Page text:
Architect: James Wines

Held Fast: SITE’s Ghost Parking Lot

Held Fast: SITE’s Ghost Parking Lot

By Anna Renken

The scene might not appear unusual at first: cars are parked in a row near a commercial building with pedestrians passing on a sidewalk. On closer examination, though, the edges of the finely crosshatched cars appear softer than those of the building and roads. The cars seem to be draped… Read More

The Best Future

The Best Future

By Cameron Lintott

When James Wines was commissioned to design a series of big-box-retail sheds for ‘Best Products’ – a now defunct chain of mail-order catalogue showrooms – it couldn’t have seemed illustrious. A shed’s objective is to enclose maximum space for minimum cost. The only real design element is the front facade,… Read More

The Politics of the Image

The Politics of the Image

By Maria Sheherazade Giudici, Livia Wang, Feifei Zhou, Keranie Theodosiou, Joseph Mercer, Florian Scheucher and Sophie Williams

My course, The Politics of the Image at the Royal College of Art, drew on the Drawing Matter Collection amongst others to explore the construction of images since the Renaissance. This construction has allowed a crafty lie to evolve, be challenged and ultimately influence reality – albeit not always in straightforward ways.… Read More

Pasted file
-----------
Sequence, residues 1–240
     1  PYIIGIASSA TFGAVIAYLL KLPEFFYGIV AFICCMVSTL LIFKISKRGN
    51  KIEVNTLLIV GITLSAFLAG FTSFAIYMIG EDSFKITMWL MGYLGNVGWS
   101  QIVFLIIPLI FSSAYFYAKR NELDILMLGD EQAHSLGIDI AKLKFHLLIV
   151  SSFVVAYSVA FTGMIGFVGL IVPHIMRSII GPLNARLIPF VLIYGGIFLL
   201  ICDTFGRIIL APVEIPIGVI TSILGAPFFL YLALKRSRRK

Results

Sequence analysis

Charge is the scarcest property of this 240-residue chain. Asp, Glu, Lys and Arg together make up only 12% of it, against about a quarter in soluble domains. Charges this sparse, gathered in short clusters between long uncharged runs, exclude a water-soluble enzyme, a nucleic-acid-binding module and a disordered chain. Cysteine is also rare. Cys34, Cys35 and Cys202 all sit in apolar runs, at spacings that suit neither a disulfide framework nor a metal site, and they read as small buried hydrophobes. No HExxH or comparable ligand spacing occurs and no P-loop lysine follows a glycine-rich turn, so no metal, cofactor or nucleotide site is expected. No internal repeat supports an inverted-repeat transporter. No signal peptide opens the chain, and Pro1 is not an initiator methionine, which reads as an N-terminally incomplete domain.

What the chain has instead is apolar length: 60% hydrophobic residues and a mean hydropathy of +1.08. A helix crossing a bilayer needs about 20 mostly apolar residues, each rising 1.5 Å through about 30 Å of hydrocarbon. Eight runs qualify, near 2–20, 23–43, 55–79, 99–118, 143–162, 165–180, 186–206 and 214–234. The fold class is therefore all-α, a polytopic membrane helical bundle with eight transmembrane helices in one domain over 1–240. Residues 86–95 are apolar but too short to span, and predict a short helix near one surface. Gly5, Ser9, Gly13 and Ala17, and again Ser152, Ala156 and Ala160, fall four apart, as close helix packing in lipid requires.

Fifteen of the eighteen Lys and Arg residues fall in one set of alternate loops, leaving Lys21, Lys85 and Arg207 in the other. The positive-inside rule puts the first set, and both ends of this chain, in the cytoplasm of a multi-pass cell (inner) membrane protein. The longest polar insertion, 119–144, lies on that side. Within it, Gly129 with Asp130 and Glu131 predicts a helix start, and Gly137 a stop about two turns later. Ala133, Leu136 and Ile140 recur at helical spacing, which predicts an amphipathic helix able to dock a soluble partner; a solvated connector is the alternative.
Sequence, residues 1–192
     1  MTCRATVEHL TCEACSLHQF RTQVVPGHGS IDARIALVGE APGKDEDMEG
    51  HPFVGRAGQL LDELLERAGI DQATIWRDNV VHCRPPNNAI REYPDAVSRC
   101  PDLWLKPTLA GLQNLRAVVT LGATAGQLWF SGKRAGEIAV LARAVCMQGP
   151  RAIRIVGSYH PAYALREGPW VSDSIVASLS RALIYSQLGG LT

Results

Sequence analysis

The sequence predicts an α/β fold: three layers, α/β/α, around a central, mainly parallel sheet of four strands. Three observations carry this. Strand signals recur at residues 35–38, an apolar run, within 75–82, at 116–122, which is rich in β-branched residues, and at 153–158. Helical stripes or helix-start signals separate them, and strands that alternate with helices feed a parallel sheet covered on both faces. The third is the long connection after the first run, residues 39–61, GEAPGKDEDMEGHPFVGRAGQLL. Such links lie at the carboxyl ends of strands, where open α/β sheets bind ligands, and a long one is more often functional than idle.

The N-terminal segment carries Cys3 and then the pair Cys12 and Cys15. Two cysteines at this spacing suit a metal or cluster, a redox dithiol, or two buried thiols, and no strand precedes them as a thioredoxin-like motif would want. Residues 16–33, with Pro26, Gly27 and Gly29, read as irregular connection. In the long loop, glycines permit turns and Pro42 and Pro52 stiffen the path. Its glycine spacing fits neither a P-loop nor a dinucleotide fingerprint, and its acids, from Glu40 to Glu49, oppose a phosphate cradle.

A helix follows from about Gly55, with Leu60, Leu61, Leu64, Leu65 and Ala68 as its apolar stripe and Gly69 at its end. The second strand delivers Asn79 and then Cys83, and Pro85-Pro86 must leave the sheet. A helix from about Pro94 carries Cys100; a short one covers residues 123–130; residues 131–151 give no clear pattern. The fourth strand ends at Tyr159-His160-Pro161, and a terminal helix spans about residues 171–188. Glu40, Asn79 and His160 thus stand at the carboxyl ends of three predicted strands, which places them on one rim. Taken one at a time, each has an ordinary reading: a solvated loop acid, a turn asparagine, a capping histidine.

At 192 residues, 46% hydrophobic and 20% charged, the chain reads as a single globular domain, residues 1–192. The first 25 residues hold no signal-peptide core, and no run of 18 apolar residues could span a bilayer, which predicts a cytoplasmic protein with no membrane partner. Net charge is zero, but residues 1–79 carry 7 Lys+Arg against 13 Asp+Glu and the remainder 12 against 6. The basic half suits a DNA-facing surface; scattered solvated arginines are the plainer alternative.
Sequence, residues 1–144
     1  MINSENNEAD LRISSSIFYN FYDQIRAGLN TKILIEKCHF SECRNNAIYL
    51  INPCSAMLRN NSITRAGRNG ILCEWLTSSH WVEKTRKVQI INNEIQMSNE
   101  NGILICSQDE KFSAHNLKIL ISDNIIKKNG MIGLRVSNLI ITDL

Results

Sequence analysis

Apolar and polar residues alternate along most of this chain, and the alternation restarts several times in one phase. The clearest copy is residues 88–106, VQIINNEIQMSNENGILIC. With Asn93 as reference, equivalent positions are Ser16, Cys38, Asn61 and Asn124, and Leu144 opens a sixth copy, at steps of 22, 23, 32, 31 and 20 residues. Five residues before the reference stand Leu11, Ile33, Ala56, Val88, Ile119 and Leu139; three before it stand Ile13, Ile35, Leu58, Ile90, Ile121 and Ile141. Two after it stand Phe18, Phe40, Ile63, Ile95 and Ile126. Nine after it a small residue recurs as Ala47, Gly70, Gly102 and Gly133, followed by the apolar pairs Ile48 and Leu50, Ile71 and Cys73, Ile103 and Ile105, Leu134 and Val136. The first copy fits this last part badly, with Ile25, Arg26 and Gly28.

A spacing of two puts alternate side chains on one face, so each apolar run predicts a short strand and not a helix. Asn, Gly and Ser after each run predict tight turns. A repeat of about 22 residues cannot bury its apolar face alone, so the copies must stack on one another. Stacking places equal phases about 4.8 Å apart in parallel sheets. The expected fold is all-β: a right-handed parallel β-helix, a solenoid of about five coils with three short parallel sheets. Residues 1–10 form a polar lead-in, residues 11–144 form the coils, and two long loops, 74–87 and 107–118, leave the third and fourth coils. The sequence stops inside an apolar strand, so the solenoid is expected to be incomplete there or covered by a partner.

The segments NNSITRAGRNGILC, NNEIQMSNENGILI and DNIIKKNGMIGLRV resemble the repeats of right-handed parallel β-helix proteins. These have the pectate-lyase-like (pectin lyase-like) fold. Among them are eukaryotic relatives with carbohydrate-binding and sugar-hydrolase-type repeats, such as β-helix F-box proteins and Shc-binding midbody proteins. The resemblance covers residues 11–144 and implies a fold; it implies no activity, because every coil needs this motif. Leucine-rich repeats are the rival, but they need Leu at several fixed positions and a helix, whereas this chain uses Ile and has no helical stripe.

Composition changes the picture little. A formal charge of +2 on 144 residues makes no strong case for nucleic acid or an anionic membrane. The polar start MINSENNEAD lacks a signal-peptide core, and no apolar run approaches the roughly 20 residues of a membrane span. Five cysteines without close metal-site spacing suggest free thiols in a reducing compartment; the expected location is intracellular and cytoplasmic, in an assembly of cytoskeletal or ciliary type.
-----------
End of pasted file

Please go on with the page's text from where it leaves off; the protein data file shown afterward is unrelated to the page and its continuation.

James Wines: Ghost Parking Lot

James Wines: Ghost Parking Lot

By Christina Gray

This drawing depicts a site-specific public art project, commissioned by the retail developer David Burmant, which entombed twenty junked cars under a layer of asphalt in a suburban shopping plaza. James Wines was interested in upending expectations about common iconographic elements of suburbia by inverting the relationship between such objects… Read More

Seven Farmyards

Seven Farmyards

Architectural anxiety

Architectural anxiety

By Niall Hobhouse and Nicholas Olsberg

This instalment explores the rich pathologies of architectural anxiety: the nagging pressure of what architects know and admire, or have seen and rejected. Or of what it is in the work of other architects, and in their own past practice, which they are driven always to acknowledge in the buildings… Read More